In India, in the 1970s spirit of idealism was greatly lost but poverty and injustice were accentuated leading to the crystallization of movements like Naxalbari, movement Navnirman movement, the Dalit Panther movement, Railway workers strike, etc. Never in Sholay is the oppression of women, corruption, or subjugation of farmers at the hands of landlords portrayed. Sholay lacked a progressive message or moral aspect like ‘Pyaasa’,’ Guide’, ‘Garam Hava’, ‘Shree 420′,’ Satyakam’ or ‘Mother India’. It did not connect to social reality like ‘Do Bigha Zameen ‘ or even ‘Awara’.In some ways, it is symbolic that the film was made in a time of emergency. The magnitude of the success of ‘Sholay’ had a lot to do with the repressive Indian socio-political system which suppressed genuine revolutionary-democratic culture and endorsed reactionary art. Being a super hit does not necessarily make a movie great.

I feel glorifying films like ‘Sholay’ is part and parcel of the patronage of the ruling classes to divert people from their burning issues or promote escapist culture. Anupam Chopra’s book on ‘Sholay-Making of a Classic ‘talks about how it gave a new life to the people of village Ramgarh. Still today in India what is the plight of people in villages after forty years of making Sholay? In important ways, it paved the path for a genre of films with greater violence in the subsequent decade, even if of far lesser quality. I somewhat endorse Actor Naseeruddin Shah’s view on Sholay that it is an entertainer but not amongst the most artistic of films.

Making a classic with the theme of Thakur and Gabbar Singh as the central characters or theme literally robs the role of the villagers or gunfighters like in the great Western films. This type of film should have woven the role of the villagers substantially more in confronting the dacoits and integrated them with Veeru and Jai.

Such a film could give a vent to the day-to-day frustrations of the people and sublimate their desires. It revived the deep-rooted Indian or Hindu tradition of good winning over evil and making people repose faith in heroes and glorifying violence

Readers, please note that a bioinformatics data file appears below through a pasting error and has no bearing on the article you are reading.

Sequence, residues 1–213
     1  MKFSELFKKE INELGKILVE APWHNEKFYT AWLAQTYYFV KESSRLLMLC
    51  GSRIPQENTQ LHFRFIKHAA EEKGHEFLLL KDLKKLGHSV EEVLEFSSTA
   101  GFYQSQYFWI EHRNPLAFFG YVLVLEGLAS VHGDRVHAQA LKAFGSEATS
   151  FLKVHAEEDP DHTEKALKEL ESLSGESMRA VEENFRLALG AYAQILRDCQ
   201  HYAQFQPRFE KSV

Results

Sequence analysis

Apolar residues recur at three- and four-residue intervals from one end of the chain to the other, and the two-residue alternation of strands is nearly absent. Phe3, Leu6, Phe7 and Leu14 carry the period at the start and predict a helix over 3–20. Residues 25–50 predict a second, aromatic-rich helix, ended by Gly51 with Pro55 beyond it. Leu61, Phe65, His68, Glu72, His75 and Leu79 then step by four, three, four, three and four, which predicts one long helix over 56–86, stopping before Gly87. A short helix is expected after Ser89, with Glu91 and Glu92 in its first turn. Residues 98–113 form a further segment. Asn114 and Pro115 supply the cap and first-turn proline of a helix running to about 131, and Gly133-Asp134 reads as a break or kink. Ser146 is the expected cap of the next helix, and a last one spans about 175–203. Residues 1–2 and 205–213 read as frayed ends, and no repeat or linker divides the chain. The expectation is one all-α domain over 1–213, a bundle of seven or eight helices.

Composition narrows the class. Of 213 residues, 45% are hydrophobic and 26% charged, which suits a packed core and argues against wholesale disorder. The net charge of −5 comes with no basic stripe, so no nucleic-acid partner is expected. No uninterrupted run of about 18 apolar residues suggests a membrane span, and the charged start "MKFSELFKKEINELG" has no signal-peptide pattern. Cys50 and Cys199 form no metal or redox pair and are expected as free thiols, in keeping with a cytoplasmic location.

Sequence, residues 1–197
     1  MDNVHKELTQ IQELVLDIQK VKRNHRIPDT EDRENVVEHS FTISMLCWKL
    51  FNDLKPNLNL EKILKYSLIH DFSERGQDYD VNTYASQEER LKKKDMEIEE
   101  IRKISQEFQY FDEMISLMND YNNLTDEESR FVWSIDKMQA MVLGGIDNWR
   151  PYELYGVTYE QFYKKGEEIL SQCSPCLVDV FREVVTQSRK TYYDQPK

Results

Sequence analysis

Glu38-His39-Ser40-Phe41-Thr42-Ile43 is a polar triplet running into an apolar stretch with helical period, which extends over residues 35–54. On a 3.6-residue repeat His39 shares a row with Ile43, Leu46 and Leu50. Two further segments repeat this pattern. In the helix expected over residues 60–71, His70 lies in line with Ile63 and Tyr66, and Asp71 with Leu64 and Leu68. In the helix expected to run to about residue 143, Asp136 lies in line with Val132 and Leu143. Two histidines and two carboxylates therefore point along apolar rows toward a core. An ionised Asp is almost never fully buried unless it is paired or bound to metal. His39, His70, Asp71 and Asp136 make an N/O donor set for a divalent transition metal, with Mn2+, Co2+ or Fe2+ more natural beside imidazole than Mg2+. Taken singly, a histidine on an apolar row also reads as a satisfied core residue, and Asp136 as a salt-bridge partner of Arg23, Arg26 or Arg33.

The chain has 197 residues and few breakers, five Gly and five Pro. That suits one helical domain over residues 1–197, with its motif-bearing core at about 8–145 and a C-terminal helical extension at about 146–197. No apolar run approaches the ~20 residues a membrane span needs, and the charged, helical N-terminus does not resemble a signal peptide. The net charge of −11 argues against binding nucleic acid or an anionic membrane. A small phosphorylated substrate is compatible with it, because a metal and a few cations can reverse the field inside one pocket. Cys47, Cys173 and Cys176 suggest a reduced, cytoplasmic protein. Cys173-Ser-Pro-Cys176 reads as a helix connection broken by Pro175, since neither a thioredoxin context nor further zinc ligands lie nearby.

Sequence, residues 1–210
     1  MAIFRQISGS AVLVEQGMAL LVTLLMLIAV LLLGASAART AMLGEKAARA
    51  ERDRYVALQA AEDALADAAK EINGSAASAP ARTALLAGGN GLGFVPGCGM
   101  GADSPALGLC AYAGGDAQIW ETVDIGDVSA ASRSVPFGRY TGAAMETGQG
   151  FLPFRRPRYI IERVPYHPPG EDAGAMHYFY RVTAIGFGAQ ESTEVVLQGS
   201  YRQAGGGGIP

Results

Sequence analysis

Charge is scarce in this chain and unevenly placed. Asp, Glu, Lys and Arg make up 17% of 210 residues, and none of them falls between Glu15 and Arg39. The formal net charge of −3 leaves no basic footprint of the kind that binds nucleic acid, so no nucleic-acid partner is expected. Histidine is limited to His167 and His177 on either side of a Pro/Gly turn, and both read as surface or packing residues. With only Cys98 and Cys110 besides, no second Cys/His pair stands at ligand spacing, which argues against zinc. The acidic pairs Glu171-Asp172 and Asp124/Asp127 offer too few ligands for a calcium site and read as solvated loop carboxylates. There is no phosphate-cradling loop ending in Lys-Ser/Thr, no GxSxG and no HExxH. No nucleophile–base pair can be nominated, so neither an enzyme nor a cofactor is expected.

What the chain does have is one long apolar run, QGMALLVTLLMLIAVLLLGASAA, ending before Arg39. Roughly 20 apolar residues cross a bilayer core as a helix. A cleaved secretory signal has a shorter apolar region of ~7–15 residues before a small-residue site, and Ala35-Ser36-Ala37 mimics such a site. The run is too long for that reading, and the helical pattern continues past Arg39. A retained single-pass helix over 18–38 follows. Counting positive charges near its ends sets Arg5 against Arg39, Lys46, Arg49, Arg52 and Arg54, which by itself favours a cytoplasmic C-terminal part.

However, entertaining it is contradictory to portraying Asrani as the jailer donning a Hitler mustache and calling Himself a jailer of the British era. To me, it does not fit into the scheme of things.

However, we must understand the elements of Sholay that won over the Indian masses and how certain of its film forms could be imbibed to create progressive films. We must understand the roots of escapist culture, however diversionary. The production and direction of ‘Sholay’ were masterly and skillful to the core. . The Movie brilliantly grasped the idioms of the common man.

I do not deny that Sholay was a landmark film and had its virtues. with the plot and scenes are woven with untold mastery. Sholay would without doubt rated ahead of ninety percent of superhit films that were great from an entertainment point of view but not classical, virtuous, or artistic. Sholay has power over classical overtones of shades but is not a classic movie in itself.

However, I would ask why was it not made in a form that would be a metaphor or symbol of the oppression existing in that time in India. Today critics still eulogize Sholay.No doubt it was better or more artistically made than later super hit films like ‘Qurbani’, ‘Dilwale Dulhan le Jayegee,’ ‘Hum Aapke Hai Kaun’, ‘Maine Pyaar Kiya’. ‘Bazzigar’ or even ‘Lagaan’. However, critics should touch upon how films like ‘Sholay’ have no progressive overtones. To me, even the film ‘Deewar’ conveyed a more progressive .message. It is pertinent that most of the super hits of the modern era have been reactionary films, patronizing imperialist culture.

I would categorize ‘Sholay’ as a great entertainment film in the category of the James Bond films or Western-like ‘A Few Dollars More’ or ‘Good, Bad and the Ugly”.However I would never class Sholay with classics like the Magnificient Sven’ or ‘Once Upon a Time in The West” or Hindi films like ‘Guide’,’’ Pyaasa’, ‘Kaagaz Ki Phool’, ‘Madhumati’ or ‘Mughal E Azam.’ From the respect of pure plot, I rate even ‘Mother India ‘ and ‘Ganga Jamuna’ ahead of Sholay.

Nevertheless, I must end by asserting that ‘Sholay’ was the first film made of its kind or a pioneering venture, taking imagination in portraying characters and film direction art beyond regions known in Indian cinema. The acting or character of Gabbar Singh has not been equaled till this day in Indian cinema.

Harsh Thakor is a freelance journalist. Toured India, particularly Punjab. Written on Mass movements, Mass line, Maoism on blogs like Democracy and Class Struggle and frontier weekly. An avid cricket lover too who has posted writings on blogs like Pakpassion Indian Cricket Fans and Sulekha.com

Email-thakor.harsh5@gmail.com